Sanders’ wife, Jane, declared her husband “healthy” and “more than ready to continue his life-long struggle to fight for the working people of America. She was followed at the mic by filmmaker Michael Moore, who endorsed Sanders while scorning media coverage of the campaign.
“The only heart attack we should be talking about,” Moore blared, “is the one that Wall Street is going to have when Bernie Sanders is president.”
Sanders made his in-person return to the primary stage at Tuesday’s CNN/The New York Times debate in Ohio. While Elizabeth Warren of Massachusetts, his fellow Senate progressive and leader in a number of recent polls, seemed to be at the center of every skirmish and the focal point of increasingly blunt attacks from the contest’s centrist candidates, Sanders delivered one of his sharpest debate performances — a showing that, at least for now, has seemed to quiet concerns over his health.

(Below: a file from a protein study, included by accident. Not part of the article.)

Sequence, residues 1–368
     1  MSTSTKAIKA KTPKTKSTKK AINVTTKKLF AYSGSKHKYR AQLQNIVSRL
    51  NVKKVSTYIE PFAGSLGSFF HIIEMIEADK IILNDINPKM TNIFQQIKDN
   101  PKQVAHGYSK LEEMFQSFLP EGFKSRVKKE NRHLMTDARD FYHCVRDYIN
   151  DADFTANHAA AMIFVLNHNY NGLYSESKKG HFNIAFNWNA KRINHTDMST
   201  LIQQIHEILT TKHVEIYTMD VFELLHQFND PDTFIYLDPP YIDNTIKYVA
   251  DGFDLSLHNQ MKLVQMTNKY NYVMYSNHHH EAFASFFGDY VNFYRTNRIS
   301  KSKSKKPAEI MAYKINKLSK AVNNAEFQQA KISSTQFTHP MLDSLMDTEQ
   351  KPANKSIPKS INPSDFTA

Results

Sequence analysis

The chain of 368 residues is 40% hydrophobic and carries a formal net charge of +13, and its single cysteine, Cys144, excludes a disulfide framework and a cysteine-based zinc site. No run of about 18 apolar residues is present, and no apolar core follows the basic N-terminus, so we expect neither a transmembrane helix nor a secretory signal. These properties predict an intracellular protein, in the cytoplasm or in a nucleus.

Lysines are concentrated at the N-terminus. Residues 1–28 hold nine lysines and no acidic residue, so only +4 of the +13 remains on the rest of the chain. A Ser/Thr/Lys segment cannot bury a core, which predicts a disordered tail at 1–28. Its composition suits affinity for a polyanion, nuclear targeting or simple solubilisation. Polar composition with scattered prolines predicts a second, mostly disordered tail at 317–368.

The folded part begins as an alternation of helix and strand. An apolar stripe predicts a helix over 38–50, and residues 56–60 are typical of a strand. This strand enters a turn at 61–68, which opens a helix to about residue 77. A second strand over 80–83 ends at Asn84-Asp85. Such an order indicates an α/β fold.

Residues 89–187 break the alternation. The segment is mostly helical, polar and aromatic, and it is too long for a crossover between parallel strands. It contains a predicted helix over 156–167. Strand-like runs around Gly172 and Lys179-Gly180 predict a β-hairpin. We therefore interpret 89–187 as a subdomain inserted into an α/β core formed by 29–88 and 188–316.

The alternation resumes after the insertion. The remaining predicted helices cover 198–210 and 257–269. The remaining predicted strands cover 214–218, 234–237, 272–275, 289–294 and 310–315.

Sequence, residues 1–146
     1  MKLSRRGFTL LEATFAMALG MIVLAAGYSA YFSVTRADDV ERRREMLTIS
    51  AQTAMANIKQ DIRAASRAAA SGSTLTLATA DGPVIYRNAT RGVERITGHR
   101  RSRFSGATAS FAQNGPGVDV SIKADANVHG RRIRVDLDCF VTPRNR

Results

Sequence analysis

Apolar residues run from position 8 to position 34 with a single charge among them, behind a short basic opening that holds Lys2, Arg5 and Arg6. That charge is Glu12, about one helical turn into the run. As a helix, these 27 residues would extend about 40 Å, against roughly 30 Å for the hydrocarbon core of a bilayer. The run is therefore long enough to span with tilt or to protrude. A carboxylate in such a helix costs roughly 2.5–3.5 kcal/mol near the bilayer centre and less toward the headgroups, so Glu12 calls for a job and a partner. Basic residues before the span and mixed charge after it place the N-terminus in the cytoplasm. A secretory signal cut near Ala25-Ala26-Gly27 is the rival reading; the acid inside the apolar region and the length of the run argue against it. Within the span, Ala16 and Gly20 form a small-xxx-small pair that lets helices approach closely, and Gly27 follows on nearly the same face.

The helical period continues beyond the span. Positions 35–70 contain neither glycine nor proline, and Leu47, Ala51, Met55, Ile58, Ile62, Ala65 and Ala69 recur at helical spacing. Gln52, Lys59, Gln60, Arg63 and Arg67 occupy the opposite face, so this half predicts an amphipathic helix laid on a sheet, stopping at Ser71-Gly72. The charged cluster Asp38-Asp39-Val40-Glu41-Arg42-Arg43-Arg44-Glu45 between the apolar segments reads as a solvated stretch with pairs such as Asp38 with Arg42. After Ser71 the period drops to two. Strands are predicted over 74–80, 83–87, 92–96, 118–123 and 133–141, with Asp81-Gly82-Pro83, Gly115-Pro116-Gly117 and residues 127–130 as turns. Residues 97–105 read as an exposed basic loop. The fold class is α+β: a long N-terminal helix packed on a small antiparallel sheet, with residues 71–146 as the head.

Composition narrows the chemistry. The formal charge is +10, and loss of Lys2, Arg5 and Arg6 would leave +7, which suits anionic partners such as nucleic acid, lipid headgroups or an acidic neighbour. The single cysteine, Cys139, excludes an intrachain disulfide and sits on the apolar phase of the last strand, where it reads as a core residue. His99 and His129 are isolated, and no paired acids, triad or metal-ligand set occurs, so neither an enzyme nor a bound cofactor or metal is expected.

Sanders and Ocasio-Cortez have campaigned together before, during the summer of 2018, for progressive Democratic primary candidates. Saturday’s rally, though, was something entirely different — as Ocasio-Cortez, who had publicly weighed endorsing either Sanders or Warren, committed herself to his second crusade for the Democratic nomination.
Her endorsement underscored an argument the campaign has been making for months, which contends that Sanders is uniquely positioned to forge, as his campaign manager, Faiz Shakir, described it earlier this week, “the multiracial working class coalition we need to win.”
Ari Rabin-Havt, Sanders’ chief of staff, told CNN after the debate — just a few hours after The Washington Post first reported on the endorsement — that Ocasio-Cortez’s decision would give new fuel to the “movement” that Sanders hopes will sweep him into the White House.